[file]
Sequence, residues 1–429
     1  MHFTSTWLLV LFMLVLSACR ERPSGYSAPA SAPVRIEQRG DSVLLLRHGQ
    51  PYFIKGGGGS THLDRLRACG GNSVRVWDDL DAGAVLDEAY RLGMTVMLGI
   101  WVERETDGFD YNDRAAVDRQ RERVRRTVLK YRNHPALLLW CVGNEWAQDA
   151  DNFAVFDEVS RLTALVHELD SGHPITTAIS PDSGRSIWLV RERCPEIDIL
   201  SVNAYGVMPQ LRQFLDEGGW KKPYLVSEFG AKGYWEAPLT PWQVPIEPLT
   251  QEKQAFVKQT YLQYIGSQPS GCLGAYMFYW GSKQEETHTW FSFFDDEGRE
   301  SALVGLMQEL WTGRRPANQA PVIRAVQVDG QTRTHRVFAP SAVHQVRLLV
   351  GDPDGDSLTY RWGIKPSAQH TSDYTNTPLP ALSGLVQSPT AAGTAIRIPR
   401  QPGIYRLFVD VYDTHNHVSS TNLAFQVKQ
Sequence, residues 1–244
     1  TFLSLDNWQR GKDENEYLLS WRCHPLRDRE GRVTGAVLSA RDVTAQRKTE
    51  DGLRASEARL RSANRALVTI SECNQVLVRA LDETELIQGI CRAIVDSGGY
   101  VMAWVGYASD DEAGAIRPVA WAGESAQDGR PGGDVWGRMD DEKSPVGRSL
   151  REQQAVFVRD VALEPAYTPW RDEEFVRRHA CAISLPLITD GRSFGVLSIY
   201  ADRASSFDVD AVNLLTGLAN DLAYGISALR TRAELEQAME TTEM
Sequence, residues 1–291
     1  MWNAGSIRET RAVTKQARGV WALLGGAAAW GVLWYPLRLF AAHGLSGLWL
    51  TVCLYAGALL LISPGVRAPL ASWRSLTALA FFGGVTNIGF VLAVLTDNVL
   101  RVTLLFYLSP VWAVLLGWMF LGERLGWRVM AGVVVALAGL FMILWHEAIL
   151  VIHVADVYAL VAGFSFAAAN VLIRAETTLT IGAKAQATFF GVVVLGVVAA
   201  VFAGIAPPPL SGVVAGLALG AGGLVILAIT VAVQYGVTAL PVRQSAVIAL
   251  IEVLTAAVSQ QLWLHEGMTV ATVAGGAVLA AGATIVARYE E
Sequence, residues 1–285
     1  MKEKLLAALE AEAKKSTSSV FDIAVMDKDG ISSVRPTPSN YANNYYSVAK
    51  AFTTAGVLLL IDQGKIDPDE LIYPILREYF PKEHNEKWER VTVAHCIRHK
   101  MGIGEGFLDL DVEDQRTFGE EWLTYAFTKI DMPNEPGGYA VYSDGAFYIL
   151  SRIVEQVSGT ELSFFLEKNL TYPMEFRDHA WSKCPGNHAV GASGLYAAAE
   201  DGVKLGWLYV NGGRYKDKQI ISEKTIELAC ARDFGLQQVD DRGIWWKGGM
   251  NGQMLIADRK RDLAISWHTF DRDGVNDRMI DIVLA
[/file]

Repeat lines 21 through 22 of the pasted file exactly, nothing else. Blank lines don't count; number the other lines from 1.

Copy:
   151  VIHVADVYAL VAGFSFAAAN VLIRAETTLT IGAKAQATFF GVVVLGVVAA
   201  VFAGIAPPPL SGVVAGLALG AGGLVILAIT VAVQYGVTAL PVRQSAVIAL